While Sunday's Super Bowl may not feature any prominent Columbia connections, come Monday, there will likely be two alumni talking about it extensively on the radio and television.
Max Kellerman, CC '98, and Marcellus Wiley, CC '97, co-host a pair of talk shows: "Max and Marcellus," an afternoon radio broadcast on ESPN LA, and "SportsNation" on ESPN2.
At first glance, Kellerman and Wiley appear to be a study in opposites. Kellerman grew up in Greenwich Village, while Wiley hails from Compton, Calif. While the 6-foot-4, 276-pound Wiley played in the NFL for 10 seasons, Kellerman started his own public access television show when he was 16, and got a job with ESPN out of college.
But despite their different backgrounds, the two have become close friends in recent years as fellow sports broadcasters.
"There's some hilariousness between us that is pretty funny—black, white, athlete, no athlete, big guy, little guy—but then some things we really have in common," Wiley said. "So as much as I'm from Compton and he's from Greenwich Village, we found common ground."
Initially, that may have been academics. Wiley chose to go to Columbia largely because of what it offered in the classroom.
"I thought I should look at myself for who I truly am—a guy who does well in the classroom and does well on the football field," Wiley said. "I thought if I did have to choose one to shortchange it would have to be football, because an athletic career is shorter than a life span."
Kellerman's and Wiley's paths did not cross during their three years together in Morningside Heights. After graduation, Wiley was invited to the NFL Scouting Combine, and soon after signed with the Buffalo Bills. The former Light Blue tailback, defensive end, and kick returner, defying the usual expectations for an Ivy League football player, went on to a Pro Bowl NFL career.
"I felt like I played for 10 years in a dream world—it wasn't reality," Wiley said. "I looked at the NFL not in the way as a lot of other guys did who were expected to be there, and therefore, there was a certain arrogance. I always looked at football with a humbler approach. I liked to talk about it—the sociological experience of playing football. I liked it from a fan's perspective. I would internalize it, and broadcast it informally because I was confidently articulating my experience to people."
Six months after leaving the NFL, and finding retirement boring, Wiley interviewed for ESPN in October 2007. Wiley has been working there ever since.
Kellerman, on the other hand, entered the sports broadcasting scene in high school. He started a public access show, "Max on Boxing," and continued through college. As a senior, the history major sent video clips to media outlets, which led to appearances on local television shows, including "Late Show with David Letterman." Since graduating, Kellerman has hosted various sports shows—including ESPN's "Around the Horn"—and calls boxing broadcasts biweekly for HBO.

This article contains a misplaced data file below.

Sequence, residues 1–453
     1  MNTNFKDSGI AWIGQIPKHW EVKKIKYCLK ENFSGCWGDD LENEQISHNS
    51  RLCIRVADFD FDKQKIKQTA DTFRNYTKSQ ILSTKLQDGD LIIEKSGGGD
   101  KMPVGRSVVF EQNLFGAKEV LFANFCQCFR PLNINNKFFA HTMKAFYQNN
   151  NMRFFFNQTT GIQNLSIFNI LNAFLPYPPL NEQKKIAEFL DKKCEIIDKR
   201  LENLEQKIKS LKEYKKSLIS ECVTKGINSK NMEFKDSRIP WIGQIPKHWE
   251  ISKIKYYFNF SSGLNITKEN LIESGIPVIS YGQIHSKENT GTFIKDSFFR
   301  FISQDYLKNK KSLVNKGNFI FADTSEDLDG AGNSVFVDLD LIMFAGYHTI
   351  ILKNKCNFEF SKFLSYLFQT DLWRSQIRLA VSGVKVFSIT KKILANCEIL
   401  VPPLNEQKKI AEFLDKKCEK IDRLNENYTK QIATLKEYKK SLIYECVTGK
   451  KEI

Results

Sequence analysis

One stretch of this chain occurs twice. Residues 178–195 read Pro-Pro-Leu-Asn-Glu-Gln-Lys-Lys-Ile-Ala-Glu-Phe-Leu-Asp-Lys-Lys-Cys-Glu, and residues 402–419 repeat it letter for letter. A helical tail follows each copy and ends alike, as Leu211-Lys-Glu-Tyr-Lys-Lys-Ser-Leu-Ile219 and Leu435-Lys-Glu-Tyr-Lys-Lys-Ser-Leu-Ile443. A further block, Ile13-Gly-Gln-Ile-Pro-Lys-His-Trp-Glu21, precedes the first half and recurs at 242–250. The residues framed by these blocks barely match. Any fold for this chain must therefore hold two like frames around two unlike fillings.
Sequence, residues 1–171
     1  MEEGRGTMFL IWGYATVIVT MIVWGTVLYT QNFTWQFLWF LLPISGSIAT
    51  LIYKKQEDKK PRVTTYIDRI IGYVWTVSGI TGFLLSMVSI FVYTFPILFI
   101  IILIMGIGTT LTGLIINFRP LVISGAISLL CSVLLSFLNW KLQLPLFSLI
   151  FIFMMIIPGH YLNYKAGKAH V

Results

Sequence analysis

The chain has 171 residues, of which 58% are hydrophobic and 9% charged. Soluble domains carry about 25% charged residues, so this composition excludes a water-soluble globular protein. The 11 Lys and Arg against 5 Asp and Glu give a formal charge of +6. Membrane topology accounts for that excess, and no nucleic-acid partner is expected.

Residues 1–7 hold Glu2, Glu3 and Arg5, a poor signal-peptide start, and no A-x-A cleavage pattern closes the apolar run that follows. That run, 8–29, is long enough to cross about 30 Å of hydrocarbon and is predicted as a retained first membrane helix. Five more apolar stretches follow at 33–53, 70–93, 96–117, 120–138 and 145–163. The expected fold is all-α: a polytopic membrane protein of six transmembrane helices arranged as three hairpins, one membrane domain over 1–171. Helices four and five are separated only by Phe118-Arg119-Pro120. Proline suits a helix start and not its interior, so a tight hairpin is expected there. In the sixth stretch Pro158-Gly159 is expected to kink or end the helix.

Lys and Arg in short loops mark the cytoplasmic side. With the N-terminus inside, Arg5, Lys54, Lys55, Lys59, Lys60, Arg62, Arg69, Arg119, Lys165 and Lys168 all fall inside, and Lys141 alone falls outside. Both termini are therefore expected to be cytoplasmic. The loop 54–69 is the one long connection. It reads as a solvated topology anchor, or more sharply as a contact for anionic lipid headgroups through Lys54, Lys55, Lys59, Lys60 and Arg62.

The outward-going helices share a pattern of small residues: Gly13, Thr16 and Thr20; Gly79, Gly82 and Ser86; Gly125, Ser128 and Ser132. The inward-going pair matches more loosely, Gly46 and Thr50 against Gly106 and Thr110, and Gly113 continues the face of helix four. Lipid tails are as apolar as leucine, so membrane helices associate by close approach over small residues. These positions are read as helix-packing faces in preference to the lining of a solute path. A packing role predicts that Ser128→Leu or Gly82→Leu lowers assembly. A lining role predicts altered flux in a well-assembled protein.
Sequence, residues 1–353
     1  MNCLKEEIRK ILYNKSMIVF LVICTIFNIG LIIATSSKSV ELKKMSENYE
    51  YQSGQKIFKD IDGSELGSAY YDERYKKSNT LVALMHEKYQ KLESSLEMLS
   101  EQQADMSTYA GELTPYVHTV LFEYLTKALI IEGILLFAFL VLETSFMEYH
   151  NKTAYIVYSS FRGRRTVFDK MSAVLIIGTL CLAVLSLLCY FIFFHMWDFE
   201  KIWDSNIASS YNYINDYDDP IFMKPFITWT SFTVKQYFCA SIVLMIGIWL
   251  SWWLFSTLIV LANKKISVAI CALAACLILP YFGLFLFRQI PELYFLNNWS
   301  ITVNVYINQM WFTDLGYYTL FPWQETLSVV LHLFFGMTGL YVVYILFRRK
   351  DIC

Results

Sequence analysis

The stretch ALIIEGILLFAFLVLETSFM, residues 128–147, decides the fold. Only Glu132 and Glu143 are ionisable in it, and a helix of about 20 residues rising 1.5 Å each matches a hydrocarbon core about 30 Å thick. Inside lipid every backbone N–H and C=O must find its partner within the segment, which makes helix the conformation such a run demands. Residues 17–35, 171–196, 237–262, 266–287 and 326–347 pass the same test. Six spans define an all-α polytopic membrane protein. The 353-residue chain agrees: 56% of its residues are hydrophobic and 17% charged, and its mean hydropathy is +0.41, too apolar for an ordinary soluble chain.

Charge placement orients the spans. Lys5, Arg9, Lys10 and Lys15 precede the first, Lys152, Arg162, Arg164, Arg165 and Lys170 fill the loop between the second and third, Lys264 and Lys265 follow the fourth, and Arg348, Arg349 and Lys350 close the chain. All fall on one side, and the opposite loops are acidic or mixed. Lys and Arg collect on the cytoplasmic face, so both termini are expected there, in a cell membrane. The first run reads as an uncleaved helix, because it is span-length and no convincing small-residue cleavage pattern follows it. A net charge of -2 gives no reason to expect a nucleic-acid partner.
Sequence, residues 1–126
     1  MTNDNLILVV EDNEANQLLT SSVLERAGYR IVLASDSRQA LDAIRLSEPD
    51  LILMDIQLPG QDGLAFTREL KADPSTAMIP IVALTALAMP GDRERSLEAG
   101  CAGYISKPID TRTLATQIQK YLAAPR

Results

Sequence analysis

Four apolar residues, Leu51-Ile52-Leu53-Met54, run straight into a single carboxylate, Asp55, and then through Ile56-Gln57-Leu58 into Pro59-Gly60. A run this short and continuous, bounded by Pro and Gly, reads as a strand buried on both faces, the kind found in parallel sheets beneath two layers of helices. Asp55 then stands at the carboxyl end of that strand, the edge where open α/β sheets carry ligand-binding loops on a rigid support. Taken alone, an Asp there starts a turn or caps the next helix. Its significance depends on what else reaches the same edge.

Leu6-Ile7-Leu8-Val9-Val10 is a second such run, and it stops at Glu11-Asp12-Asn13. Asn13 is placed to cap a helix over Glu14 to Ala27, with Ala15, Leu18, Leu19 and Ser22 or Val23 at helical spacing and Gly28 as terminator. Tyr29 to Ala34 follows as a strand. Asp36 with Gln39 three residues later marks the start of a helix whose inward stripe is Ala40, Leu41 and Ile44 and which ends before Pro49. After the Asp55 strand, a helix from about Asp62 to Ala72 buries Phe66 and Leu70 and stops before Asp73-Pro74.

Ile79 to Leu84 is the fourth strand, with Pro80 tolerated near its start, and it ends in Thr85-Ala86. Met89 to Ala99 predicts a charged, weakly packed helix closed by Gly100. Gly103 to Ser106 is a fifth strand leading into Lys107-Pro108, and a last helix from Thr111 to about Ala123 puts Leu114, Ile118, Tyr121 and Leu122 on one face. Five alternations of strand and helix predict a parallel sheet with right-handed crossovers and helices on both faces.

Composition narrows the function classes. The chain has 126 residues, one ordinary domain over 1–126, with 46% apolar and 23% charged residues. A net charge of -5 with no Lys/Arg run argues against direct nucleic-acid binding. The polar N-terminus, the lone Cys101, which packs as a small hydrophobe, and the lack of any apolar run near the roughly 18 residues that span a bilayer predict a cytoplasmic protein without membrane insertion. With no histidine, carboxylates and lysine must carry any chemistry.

More than a decade after graduation, the ex-football player Wiley and the broadcaster Kellerman met in Los Angeles, where they discovered that they look at sports issues in similar ways.
"We clown a lot but we also aren't scared to discuss social and psychological issues, and I think that's when we're at our best," Kellerman said. "Not just on the field, but also off the field."
Wiley, who graduated with a degree in sociology, said he has always had an interest in analyzing the similarities and differences between people—an interest that shows itself in the two Columbia alumni's shows.
"Oftentimes, the idea is that talking sports is like going to a bar—you don't discuss religion or politics, because it can be divisive," Kellerman said. "But with sports, often interesting social issues come up. Many have mastered the art of talking around them, but I've tried to deal with the central issues as much as possible."
Recently Kellerman and Wiley focused on NFC champion Richard Sherman, whose explosive postgame interview caused controversy.
"We talked about the sociology and psychology of the comment, and the media's reaction to the comment," Kellerman said. "The cultural criticism of sports is, I think, when we're at our best. We also like to geek out—talk x's and o's—and as sports fans that's fun to do, too."
The two also often talk about their personal lives, which Kellerman says adds an element of honesty. It also gives Wiley a way to share his experiences as a professional athlete.
"Both shows are lighthearted, because the locker room is lighthearted," Wiley said. "The locker room is a comedy show where you joke about anything, so our shows reflect that."
Last year, the unlikely duo was rewarded for its couple of years of good work on the radio, with the opportunity to host a TV show on ESPN2. After a daily morning meeting, Kellerman and Wiley tape "SportsNation" from noon to 1 p.m. before hosting "Max and Marcellus" from 3 p.m. to 7 p.m. When they go home, they're constantly doing homework—watching games and staying up-to-date with the news.
"I see Marcellus more than anyone in my life, and I'm having a lot of fun—it's a blast," Kellerman said. "I feel as though we're in the early stages of something good."
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